After Rev. Baker resigned, shorter termed pastors ably served the congregation, but in 1893 one of the church’s most influential and long-serving pastors began his tenure.  This was the Rev. Abel McIver Fraser, who served the church for the next thirty-six years.  Dr. Fraser was able to welcome the President-elect Woodrow Wilson when he visited his birthplace in 1912. Also, during his tenure, an educational building was added next door to the sanctuary to accommodate the growing young congregation.  It is now called, appropriately, the Fraser building. 

 

By this time, First Presbyterian Church had helped seed and inaugurate the Second Presbyterian Church and Olivet Presbyterian Church and later, the Third Presbyterian Church, Covenant, and Bethany Presbyterian Churches.

The 1950s were a time of tremendous growth in population all over the country and similarly at First Presbyterian.  The church’s Sunday school and other youth groups were at capacity when the Rev, Richard Randall Potter began his service at the church in 1953. The “Potter years” were a time of increasing membership and activities, particularly with the youth.  A new building was needed and much appreciated when it was completed.  It was named the Potter building in recognition of this beloved pastor whose death after surgery in 1962 had stunned his congregation,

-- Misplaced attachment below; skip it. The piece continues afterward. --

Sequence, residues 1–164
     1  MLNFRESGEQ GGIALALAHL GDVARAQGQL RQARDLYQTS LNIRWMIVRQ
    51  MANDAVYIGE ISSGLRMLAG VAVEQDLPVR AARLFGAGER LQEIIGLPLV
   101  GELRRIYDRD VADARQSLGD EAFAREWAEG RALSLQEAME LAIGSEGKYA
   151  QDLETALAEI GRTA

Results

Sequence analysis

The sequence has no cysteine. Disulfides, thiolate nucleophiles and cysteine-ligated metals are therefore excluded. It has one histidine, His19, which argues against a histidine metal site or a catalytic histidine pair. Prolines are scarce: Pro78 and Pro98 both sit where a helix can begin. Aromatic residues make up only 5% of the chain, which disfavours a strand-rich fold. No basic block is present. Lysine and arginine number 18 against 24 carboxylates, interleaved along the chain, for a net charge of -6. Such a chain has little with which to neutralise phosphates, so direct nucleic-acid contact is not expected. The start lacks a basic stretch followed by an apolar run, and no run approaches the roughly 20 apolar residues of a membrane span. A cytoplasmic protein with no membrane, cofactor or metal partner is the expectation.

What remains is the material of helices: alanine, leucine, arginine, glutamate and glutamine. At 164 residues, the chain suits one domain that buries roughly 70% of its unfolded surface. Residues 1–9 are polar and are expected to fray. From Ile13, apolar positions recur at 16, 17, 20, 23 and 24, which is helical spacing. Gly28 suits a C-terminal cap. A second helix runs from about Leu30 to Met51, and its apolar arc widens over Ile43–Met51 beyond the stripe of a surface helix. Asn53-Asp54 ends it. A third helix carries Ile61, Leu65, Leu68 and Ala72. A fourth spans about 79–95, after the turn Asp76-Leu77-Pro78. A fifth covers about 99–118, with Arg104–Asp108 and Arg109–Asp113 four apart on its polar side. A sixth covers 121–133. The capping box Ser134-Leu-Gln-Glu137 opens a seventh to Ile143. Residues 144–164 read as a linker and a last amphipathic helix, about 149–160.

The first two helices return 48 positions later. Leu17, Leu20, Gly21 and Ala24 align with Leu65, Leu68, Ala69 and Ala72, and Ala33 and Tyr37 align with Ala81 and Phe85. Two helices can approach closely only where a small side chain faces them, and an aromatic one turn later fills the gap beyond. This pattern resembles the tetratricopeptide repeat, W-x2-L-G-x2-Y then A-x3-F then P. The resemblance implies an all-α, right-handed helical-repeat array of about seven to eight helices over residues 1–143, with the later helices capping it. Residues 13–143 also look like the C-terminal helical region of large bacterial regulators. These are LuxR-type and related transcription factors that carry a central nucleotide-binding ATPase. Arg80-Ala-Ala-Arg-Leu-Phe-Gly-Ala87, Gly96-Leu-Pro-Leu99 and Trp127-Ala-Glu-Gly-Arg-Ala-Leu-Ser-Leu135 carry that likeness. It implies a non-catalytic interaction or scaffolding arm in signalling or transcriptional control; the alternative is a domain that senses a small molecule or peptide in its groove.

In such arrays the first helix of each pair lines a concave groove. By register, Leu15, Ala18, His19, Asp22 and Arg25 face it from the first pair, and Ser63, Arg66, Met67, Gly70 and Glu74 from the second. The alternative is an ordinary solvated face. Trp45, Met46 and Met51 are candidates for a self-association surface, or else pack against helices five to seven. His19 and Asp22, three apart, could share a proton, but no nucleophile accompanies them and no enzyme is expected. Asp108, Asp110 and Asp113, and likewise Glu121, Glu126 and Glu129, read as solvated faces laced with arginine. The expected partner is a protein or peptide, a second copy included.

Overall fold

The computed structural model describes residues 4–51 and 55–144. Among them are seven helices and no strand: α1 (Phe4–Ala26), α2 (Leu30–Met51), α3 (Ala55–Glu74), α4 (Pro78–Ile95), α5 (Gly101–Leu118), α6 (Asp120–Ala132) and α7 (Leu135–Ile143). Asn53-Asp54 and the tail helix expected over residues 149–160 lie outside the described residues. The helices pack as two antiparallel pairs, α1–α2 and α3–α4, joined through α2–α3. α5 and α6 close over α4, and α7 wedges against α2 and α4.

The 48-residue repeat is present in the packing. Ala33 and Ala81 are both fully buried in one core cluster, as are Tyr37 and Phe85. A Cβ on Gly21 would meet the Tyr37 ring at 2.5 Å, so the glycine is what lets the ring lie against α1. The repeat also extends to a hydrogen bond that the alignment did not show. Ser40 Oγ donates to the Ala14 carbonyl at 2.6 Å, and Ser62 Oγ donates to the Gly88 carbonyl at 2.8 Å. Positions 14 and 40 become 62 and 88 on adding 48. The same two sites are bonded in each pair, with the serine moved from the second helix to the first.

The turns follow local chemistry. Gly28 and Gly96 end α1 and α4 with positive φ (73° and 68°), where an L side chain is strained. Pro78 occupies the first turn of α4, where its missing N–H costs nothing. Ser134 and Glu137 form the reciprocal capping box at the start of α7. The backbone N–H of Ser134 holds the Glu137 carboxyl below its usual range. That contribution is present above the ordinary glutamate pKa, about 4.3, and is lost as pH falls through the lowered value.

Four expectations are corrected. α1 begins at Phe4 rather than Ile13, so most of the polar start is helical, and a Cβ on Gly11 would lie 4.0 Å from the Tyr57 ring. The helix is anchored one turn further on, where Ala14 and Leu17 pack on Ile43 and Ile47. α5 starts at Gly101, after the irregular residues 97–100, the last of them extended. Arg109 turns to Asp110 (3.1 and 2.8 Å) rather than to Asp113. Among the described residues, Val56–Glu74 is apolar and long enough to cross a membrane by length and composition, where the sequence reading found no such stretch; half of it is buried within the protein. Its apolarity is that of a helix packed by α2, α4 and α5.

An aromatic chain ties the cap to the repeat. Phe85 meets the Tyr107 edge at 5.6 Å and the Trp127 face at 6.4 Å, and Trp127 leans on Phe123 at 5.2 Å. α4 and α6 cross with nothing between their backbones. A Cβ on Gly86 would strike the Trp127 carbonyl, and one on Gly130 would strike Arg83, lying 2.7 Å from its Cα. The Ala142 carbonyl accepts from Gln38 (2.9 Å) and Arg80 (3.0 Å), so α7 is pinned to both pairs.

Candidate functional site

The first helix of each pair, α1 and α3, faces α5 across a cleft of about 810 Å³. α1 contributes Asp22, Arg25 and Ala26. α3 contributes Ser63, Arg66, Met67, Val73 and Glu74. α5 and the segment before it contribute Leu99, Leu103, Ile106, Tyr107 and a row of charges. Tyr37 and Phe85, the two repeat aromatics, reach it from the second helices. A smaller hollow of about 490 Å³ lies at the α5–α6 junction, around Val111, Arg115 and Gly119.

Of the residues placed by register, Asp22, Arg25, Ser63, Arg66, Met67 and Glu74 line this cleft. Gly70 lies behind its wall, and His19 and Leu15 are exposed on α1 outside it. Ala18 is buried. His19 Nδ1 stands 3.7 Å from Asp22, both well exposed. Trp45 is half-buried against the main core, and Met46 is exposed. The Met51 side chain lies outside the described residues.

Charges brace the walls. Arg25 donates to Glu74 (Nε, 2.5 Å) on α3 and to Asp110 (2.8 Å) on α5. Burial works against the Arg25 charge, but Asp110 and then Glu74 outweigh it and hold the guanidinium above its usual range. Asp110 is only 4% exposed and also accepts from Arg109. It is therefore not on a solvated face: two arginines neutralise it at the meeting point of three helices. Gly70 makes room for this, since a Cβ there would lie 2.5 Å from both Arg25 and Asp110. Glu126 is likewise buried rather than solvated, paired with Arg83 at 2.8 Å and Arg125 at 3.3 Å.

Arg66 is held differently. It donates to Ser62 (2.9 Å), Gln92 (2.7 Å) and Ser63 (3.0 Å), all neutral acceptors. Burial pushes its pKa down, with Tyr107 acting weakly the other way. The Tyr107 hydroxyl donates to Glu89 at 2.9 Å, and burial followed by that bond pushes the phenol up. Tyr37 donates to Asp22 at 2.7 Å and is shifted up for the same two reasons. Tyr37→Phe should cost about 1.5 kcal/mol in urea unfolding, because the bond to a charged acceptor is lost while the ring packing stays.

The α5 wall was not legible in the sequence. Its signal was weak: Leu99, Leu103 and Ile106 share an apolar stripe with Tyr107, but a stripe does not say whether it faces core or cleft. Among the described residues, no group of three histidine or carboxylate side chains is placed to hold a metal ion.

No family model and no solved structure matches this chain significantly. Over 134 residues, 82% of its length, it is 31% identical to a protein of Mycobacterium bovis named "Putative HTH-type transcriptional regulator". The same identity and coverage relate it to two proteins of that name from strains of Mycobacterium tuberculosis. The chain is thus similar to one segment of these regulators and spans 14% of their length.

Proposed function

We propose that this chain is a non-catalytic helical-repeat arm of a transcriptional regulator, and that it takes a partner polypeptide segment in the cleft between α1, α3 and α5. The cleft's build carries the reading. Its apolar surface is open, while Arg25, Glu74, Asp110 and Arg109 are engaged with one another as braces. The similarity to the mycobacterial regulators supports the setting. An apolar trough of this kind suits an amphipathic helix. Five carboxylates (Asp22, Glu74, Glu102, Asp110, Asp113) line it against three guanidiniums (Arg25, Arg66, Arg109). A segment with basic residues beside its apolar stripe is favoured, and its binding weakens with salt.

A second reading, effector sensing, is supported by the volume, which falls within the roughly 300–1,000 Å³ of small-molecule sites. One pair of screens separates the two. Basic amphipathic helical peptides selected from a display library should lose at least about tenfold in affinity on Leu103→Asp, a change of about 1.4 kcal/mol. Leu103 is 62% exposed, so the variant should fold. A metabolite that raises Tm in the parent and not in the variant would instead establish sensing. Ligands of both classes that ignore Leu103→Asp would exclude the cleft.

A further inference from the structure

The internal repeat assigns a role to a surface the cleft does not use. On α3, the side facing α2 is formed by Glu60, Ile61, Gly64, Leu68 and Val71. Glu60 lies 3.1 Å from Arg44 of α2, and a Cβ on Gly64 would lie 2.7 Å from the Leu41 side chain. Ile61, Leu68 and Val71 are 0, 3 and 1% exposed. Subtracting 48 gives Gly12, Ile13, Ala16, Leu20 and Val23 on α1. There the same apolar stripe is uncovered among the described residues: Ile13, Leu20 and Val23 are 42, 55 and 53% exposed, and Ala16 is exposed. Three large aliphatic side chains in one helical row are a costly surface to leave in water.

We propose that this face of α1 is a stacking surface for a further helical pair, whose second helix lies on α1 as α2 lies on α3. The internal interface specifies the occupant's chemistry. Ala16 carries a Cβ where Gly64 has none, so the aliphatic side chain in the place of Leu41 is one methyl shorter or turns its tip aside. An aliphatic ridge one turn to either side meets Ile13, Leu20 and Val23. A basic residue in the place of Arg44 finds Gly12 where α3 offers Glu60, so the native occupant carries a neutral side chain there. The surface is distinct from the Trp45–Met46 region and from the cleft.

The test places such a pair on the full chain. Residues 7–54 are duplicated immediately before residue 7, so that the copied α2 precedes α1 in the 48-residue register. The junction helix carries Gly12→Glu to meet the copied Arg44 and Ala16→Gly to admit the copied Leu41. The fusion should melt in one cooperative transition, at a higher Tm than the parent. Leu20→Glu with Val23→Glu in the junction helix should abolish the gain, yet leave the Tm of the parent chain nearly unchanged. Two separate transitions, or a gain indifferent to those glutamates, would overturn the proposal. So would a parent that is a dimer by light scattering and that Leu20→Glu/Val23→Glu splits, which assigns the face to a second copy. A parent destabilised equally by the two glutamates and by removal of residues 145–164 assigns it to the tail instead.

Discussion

Since the 1960s, six pastors have served the church, including the first female for First Presbyterian, our current pastor, the Rev. Karen Allamon.  Highlights from those years include the Rev. Hobbie’s participation in the civil rights march in Selma, Alabama, the Rev. Cowan’s three-month pulpit exchange with the Rev. Gordon from South Africa, the sixteen-year tenure of the Pastor Emeritus the Rev. Joseph Henry Johnson Vernon, the arrival of the youthful Rev. Taylor Todd, and the scholarly Rev. Richard Dietrich.  

 

For a more detailed examination of Staunton’s First Presbyterian Church, please see  A Historical Sketch of the First Presbyterian Church  Staunton, Virginia  1804-1954, by Frank Robbins Pancake and The History of First Presbyterian Church, Staunton, Virginia 1804-2004, by Dorothy A. Boyd-Rush and Katharine L. Brown.